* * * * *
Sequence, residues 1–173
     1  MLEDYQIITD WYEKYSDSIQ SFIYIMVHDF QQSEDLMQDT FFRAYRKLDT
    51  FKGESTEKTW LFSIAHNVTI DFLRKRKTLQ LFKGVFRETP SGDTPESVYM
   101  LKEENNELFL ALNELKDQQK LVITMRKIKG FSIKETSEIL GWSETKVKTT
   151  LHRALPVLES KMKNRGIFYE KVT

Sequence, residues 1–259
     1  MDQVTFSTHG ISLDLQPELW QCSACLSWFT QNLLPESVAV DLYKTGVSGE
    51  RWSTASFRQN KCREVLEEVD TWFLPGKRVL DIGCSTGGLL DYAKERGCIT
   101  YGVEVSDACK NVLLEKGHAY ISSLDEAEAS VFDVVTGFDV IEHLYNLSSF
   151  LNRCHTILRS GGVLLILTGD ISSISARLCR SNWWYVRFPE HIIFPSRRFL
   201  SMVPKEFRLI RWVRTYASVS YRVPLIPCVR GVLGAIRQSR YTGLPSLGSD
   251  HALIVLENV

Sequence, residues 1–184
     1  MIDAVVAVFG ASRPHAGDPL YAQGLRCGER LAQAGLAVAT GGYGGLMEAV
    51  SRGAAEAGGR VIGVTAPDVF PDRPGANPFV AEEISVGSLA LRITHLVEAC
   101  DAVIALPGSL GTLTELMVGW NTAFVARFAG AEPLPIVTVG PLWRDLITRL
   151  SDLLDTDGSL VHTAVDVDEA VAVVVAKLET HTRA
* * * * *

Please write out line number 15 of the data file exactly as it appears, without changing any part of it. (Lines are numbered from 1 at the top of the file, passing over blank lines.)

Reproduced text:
    51  SRGAAEAGGR VIGVTAPDVF PDRPGANPFV AEEISVGSLA LRITHLVEAC